One trick to be aware of when mounting the spear heads is to wrap the paracord onto the stick before pounding the spear into the end of the stick. This really tightens up the paracord giving a very secure fit.

A few more details of the Selkirk Survival Knife:

Before concentrating on the Selkirk, here are the boxes for all three together.
 photo 00 01 Buck Boxed P1180722.jpg

The Selkirk arrives in its sheath with ferrocerium rod and whistle, plus an instruction leaflet for the sheath mounting options and a warranty card.
 photo 01 Selkirk Contents P1180728.jpg

Though it looks like a Kydex type of sheath, it is a moulded plastic.
 photo 02 Selkirk Sheath front P1180731.jpg

On the back of the sheath, the belt loops can be removed and refitted in different positions.
 photo 03 Selkirk Sheath back P1180734.jpg

All the components lined up with the sheath, knife and ferrocerium rod/whistle.
 photo 04 Selkirk parts P1180740.jpg

The Selkirk has a nice deep blade with full flat grind.
 photo 05 Selkirk angle P1180743.jpg

Buck say that the pommel (rear bolster) can be used as an improvised hammer.
 photo 06 Selkirk pommel P1180745.jpg

Looking close up at the handle micarta sides you can see the semi-smooth finish and additional grip grooves.
 photo 07 Selkirk grip detail P1180748.jpg

An overall view of the handle. The layers in the micarta act as contour lines showing the shaping.
 photo 08 Selkirk grip P1180749.jpg

From a different angle you can see the palm swell and grip flaring.
 photo 20 Selkirk handle swells P1180787.jpg

A very close view of the choil and its sharp edges for striking the fire-rod.
 photo 09 Selkirk choil P1180752.jpg

Going closer still for a look at the point and how the cutting edge has been formed from a coarse grit followed by a polishing process.
 photo 10 Selkirk point P1180756.jpg

On the spine there is an area of jimping for the thumb to sit on. On this example this was well formed and not too sharp.
 photo 11 Selkirk jimping P1180758.jpg

Keeping on the up-close theme, the moulded sheath has the Buck logo moulded into it.
 photo 13 Selkirk sheath brand P1180768.jpg

Next to the fire-rod holder are the sheath screws which adjust the retention tension of the sheath. You can change how much force is needed to remove and insert the knife by adjusting these screws.
 photo 14 Selkirk sheath screws P1180769.jpg

On the lower part of the whistle is a bayonet fitting to hold the fire-rod in place. There is also a cord which can be stretched over the end of the rod to further secure it.
 photo 15 Selkirk ferro rod whistle P1180770.jpg

Inside the belt loop is a moveable adjuster block to cater for different width belts.
 photo 16 Selkirk belt loop adjuster P1180775.jpg

At the tip of the sheath there are metal rivets that provide tying points.
 photo 17 Selkirk sheath rivets P1180777.jpg

The overall impression of this knife is good, but its mass produced character is visible when you start looking and small details. Here the micarta handle is not a perfect fit.
 photo 18 Selkirk finish P1180782.jpg

Still looking for flaws, this time at the pommel, the grinding is not that precise and filler appears to have been used between the micarta and steel pommel.
 photo 19 Selkirk finish P1180784.jpg

The Selkirk with a couple of other well known knives to provide the scale. (Fällkniven F1 and a Spyderco UK Pen Knife)
 photo 22 Selkirk size P1180797.jpg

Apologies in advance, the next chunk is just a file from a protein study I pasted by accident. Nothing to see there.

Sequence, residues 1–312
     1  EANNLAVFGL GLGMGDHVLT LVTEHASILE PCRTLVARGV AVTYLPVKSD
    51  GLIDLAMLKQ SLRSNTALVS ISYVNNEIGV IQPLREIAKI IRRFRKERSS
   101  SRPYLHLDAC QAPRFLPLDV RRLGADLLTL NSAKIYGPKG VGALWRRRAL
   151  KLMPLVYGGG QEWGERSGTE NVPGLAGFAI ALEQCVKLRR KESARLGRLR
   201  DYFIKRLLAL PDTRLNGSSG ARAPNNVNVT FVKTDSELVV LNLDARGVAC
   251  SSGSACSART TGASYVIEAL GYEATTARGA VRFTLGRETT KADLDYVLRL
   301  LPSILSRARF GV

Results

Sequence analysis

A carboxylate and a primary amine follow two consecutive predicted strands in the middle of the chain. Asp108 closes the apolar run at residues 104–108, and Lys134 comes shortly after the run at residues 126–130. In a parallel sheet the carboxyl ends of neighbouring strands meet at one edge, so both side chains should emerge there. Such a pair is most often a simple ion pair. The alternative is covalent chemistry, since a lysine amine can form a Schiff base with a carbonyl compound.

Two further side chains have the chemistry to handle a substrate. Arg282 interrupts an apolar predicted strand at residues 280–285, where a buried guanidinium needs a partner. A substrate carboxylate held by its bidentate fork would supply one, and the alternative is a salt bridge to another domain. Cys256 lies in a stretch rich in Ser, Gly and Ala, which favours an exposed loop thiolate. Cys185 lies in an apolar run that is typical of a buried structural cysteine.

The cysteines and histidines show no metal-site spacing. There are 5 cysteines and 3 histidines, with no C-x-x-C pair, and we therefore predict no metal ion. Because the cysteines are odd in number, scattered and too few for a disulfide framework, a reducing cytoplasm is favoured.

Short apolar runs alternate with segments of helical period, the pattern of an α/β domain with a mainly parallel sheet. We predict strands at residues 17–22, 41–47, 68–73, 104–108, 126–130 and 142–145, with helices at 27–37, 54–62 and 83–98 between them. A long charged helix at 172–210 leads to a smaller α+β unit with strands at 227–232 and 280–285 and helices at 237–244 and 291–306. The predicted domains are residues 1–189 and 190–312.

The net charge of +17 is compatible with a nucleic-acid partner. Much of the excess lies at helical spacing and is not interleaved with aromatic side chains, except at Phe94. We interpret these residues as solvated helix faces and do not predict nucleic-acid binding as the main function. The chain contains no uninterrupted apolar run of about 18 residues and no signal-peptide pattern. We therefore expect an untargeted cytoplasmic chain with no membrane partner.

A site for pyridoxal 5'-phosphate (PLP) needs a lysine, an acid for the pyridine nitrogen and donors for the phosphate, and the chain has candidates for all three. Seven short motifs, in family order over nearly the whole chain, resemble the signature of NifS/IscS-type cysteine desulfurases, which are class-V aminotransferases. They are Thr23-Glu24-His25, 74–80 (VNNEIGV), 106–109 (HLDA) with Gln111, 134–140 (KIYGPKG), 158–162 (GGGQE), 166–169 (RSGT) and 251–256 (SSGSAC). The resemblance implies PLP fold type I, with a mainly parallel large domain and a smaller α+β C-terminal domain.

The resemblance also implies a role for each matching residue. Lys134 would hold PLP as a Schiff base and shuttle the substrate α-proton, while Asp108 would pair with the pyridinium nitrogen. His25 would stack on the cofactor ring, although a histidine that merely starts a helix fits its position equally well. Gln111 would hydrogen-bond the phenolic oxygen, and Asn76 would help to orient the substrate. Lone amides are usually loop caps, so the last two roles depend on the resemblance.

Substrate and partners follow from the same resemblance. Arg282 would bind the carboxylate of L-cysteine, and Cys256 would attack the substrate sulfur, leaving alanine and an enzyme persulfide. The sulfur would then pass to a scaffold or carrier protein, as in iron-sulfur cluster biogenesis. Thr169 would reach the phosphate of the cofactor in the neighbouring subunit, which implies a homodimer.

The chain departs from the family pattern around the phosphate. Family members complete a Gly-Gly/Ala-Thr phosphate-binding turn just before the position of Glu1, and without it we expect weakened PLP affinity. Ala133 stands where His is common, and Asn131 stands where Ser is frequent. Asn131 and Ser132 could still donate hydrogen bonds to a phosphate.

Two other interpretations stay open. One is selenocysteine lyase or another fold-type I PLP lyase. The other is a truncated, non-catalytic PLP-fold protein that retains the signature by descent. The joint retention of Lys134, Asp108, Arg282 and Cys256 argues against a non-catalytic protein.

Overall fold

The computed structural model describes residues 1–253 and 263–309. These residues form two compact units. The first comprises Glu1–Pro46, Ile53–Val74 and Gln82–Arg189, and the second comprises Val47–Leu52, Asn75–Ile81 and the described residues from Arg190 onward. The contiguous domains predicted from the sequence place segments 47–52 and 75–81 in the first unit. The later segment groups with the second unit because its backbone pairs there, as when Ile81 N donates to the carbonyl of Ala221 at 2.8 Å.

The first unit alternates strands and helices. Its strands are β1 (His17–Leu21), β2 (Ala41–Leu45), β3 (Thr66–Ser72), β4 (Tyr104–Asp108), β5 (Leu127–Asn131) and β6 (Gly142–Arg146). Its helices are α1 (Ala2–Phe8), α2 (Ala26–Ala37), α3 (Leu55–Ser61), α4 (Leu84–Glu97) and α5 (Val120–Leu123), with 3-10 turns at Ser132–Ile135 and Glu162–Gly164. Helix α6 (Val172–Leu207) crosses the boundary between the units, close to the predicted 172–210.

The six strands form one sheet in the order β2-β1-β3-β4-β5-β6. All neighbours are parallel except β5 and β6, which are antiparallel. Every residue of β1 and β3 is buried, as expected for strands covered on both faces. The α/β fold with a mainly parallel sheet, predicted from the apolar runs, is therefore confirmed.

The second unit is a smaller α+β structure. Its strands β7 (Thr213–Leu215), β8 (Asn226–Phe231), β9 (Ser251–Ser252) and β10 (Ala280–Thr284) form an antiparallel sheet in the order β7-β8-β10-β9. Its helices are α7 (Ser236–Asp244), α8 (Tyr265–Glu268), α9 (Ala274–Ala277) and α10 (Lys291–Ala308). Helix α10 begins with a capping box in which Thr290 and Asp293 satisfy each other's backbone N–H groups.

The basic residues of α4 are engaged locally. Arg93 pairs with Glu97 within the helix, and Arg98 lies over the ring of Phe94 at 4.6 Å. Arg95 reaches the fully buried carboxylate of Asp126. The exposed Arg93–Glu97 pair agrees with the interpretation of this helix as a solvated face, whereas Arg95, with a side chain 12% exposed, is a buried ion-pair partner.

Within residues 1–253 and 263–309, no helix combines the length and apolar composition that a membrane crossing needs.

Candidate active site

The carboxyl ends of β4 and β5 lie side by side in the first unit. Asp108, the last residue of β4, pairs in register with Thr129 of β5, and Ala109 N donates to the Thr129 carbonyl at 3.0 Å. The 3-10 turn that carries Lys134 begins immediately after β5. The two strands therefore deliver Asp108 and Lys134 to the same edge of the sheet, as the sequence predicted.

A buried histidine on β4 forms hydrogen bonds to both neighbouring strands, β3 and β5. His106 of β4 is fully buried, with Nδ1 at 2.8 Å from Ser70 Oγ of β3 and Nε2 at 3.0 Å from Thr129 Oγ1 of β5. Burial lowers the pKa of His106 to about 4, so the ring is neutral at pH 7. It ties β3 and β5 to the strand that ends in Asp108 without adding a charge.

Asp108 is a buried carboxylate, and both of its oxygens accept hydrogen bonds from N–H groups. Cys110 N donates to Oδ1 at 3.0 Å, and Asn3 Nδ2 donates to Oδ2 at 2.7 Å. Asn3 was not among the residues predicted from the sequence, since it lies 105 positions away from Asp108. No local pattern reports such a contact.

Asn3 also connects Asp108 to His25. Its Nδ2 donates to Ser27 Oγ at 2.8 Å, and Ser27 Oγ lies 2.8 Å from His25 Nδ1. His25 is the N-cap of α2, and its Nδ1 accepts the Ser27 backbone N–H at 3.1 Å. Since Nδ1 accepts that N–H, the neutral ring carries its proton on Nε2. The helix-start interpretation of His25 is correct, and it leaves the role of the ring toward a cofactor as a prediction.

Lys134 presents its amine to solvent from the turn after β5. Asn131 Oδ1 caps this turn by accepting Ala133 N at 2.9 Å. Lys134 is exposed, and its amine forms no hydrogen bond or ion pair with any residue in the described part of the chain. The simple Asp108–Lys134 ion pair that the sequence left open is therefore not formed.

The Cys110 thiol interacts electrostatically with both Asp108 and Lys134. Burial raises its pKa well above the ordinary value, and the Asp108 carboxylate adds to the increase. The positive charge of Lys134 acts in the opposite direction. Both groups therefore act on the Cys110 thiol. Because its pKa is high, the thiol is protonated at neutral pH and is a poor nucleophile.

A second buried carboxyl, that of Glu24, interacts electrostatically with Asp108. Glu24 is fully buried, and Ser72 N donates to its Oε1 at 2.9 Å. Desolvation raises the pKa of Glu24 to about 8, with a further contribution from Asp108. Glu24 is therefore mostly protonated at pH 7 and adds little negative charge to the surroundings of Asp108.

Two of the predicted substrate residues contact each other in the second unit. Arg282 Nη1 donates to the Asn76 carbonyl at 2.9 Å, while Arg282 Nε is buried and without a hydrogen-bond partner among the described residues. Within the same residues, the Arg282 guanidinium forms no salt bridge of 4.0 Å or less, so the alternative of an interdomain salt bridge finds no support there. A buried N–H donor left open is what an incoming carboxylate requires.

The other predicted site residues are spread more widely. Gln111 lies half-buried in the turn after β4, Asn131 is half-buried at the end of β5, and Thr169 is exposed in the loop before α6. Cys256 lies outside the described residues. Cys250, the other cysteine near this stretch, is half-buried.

One last look at this knife before moving onto the Froe.
 photo 21 Selkirk angle P1180792.jpg

A few more details of the Compadre Chopping Froe:

First impressions are really good thanks to the leather sheath the Froe arrives in. The only other item in the box is the warranty card.
 photo 30 Froe contents P1180804.jpg

Immediately obvious are some nice touches like the retaining strap’s popper cover having Buck’s logo and name on it.
 photo 31 Froe popper P1180811.jpg

Also of note with the retaining strap is that the metal back of the popper that sits against the handle has been covered to prevent it marking the wooden handle.
 photo 51 Froe sheath popper back P1180883.jpg

There is a cut-out in the sheath that shows the Buck anvil logo cut into the blade.
 photo 32 Froe sheath detail P1180813.jpg

Pressed into the leather sheath is the Buck logo.
 photo 33 Froe sheath logo P1180815.jpg

The sheath is well stitched and riveted for extra strength.
 photo 34 Froe sheath stitching P1180818.jpg

On the back of the sheath the rolled rivet heads are not as neat as on the front, but fit with the rivet colour used for the hanging loop.
 photo 35 Froe sheath reverse P1180820.jpg

The rolled over heads of the rivets on the back of the sheath look like this.
 photo 36 Froe sheath rivet reverse P1180823.jpg

A nice heavy duty D-ring is used for the hanger.
 photo 37 Froe sheath hanger P1180826.jpg

Opening the two retaining straps allows the Froe to slide out.
 photo 38 Froe unsheathed P1180829.jpg

A very obvious label warning you not to strike the Froe’s blade with hardened tools is on the side of the blade. This is no different to traditional froes or any other blade you might baton with.
 photo 39 Froe warning P1180833.jpg

Whipping the label off gives you the full effect of the red powder coating.
 photo 40 Froe no label P1180835.jpg

The ‘tip’ of the blade shows the splitting wedge design of the blade grind.
 photo 41 Froe point wedge P1180840.jpg

There is a subtle choil next to the handle.
 photo 42 Froe choil P1180844.jpg

At the top of the blade next to the handle there is a hole in the blade. Though this could be used as a wrist strap attachment point, I would advise you to be very careful if you want to do this as it can become more dangerous than the tool coming out of the hand.